Primary care trusts will be asked to contribute to an extra £5bn of annual public sector efficiency savings by 2010-11, today's pre-Budget report says

The report also says an extra £100m in capital funds will be spent upgrading up to 600 GP practices into 'training practices' as part of chancellor Alistair Darling's £3bn attempt to stimulate the economy by bringing forward planned investment from 2010-11 into the next two years.

That investment will be targeted to practices in under-doctored areas.

Mr Darling's report outlines a package of measures designed to stimulate the economy through the recession, including£12.5bn of consumer tax cuts and a six-year pause on the government's investment rules which have dictated that it borrow only to invest.

But tax cuts and a growing budget deficit needed to be paid for over the medium term, Mr Darling said, and his report outlines that part of the payback will come in the form of an increase in the public sector "recoverable savings" target for 2010-11 from£30bn to£35bn.

The report explains that the Treasury believes there is scope for part of that to come from the£70bn NHS commissioning budget.

"As PCTs enhance their commissioning skills over the next years they will develop their strategic and financial plans to ensure they unlock cashable value for money improvements across the£70bn of commissioned health services," the report says.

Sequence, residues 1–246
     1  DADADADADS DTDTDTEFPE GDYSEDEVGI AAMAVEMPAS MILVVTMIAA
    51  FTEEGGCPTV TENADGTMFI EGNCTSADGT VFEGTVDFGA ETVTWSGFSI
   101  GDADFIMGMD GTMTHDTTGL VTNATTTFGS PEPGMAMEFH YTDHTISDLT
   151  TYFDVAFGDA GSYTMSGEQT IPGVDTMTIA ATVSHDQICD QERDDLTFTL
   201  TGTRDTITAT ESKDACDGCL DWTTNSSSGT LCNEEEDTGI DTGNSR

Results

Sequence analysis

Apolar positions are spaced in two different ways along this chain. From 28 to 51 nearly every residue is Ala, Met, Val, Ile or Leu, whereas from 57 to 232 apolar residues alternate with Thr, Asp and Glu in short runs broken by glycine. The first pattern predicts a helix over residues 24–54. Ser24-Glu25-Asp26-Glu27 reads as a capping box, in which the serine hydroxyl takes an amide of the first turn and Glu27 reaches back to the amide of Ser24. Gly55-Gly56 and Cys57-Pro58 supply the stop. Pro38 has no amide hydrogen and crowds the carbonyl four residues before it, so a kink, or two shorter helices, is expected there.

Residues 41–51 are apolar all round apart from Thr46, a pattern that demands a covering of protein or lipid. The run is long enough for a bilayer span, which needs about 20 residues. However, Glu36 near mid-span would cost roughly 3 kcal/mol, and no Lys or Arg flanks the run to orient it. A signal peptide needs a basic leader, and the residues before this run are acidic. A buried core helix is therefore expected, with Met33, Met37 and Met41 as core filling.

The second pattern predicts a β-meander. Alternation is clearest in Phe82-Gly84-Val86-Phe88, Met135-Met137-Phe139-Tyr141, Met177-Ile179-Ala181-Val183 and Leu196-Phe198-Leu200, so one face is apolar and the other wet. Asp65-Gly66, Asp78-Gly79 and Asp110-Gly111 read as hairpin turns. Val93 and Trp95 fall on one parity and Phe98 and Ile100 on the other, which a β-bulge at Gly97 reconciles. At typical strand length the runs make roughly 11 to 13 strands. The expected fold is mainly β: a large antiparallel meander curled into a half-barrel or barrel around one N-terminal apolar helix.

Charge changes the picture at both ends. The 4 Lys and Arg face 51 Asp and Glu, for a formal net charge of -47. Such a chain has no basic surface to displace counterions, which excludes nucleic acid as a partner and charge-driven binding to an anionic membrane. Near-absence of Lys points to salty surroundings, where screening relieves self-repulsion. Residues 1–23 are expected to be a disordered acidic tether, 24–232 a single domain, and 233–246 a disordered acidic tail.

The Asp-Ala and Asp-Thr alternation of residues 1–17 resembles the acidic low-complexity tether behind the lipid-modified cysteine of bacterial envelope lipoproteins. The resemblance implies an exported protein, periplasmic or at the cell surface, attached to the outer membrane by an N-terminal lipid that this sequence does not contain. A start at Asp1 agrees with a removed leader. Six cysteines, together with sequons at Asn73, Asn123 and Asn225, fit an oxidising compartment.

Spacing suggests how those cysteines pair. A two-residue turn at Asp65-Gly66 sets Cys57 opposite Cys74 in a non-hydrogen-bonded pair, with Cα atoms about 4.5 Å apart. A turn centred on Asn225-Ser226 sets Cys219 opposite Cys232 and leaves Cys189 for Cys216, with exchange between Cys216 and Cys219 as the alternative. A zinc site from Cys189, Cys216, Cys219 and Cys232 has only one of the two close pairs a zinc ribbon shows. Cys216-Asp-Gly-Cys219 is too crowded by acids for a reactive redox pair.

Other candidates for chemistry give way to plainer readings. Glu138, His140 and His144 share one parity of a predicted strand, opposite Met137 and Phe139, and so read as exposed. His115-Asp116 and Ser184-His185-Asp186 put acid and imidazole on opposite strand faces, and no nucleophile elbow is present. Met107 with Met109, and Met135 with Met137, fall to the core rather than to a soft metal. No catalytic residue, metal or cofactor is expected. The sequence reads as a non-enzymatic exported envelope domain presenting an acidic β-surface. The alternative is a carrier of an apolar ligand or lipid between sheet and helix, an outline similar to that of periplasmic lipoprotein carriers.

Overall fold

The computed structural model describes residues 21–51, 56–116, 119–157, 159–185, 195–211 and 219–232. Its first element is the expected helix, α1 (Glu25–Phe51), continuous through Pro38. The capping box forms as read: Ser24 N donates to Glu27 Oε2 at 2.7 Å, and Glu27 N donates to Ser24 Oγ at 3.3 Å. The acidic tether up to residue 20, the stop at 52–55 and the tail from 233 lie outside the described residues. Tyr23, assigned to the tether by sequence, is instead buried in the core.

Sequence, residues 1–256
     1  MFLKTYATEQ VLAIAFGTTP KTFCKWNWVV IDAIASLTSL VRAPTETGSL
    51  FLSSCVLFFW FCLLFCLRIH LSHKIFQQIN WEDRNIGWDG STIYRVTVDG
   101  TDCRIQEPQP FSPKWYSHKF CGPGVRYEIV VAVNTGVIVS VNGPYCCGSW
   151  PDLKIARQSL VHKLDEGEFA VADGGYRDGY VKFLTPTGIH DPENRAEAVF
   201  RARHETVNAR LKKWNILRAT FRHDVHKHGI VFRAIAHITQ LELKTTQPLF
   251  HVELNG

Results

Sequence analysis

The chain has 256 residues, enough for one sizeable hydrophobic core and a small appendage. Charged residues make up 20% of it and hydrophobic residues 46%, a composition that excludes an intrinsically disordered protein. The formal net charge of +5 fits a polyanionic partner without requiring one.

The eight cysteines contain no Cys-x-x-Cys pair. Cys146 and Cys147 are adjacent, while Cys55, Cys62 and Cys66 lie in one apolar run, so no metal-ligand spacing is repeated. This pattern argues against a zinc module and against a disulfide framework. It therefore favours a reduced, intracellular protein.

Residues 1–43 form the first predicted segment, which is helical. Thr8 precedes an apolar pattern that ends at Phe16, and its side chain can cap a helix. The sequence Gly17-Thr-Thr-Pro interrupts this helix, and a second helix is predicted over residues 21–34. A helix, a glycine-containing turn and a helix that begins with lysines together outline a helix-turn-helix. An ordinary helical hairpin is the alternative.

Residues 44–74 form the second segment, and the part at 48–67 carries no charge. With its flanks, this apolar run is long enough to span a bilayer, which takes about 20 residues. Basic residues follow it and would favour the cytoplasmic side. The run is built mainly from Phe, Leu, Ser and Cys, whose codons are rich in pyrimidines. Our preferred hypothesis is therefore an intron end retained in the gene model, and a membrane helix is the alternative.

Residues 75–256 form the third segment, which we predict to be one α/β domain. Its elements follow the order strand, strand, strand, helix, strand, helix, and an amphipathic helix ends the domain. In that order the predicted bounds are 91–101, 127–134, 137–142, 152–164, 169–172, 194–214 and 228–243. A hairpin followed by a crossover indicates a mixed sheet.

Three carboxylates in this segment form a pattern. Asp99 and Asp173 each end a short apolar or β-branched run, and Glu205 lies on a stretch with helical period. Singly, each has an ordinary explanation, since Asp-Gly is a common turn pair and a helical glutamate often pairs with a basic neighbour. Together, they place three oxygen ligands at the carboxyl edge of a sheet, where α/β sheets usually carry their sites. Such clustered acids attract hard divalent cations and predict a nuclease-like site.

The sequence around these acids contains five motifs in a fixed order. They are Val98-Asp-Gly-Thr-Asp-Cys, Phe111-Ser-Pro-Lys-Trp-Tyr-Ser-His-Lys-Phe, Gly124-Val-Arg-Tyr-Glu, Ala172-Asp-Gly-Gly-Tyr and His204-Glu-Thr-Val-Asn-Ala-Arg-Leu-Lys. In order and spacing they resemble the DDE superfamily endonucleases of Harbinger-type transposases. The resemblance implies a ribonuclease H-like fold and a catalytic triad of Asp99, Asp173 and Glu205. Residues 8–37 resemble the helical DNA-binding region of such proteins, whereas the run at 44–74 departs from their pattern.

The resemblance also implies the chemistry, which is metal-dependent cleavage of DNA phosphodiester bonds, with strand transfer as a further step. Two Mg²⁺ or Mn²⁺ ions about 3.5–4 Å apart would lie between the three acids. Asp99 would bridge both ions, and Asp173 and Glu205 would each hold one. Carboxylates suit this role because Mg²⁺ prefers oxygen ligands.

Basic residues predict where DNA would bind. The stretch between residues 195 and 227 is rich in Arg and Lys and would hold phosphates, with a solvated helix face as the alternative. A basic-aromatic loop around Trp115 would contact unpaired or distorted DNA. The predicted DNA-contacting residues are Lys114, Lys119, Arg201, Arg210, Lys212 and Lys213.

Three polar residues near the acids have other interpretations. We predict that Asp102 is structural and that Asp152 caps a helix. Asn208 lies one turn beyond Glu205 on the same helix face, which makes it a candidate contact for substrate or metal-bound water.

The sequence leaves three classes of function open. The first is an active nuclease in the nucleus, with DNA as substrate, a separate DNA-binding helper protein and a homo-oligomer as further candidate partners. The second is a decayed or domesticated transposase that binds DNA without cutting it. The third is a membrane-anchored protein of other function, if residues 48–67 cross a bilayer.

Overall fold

The report explains that April's Budget will set out the "value for money impact" expected from world class commissioning as well as "report on the scope to increase efficiency further in the hospital sector through the tariff prices paid by PCTs and progress on extending pricing to new areas of the health service".

Mr Darling's report confirms that the years after 2011-12 will see a sharp drop in public sector spending growth. Last year's comprehensive spending review pledged to increase public sector spending in real terms by an average of 1.9 per cent a year between 2008-09 and 2010-11.

But today's report says that between 2011-12 and 2013-14 spending will grow by just 1.2 per cent in real terms.

See this week's magazine for more coverage of the pre-Budget report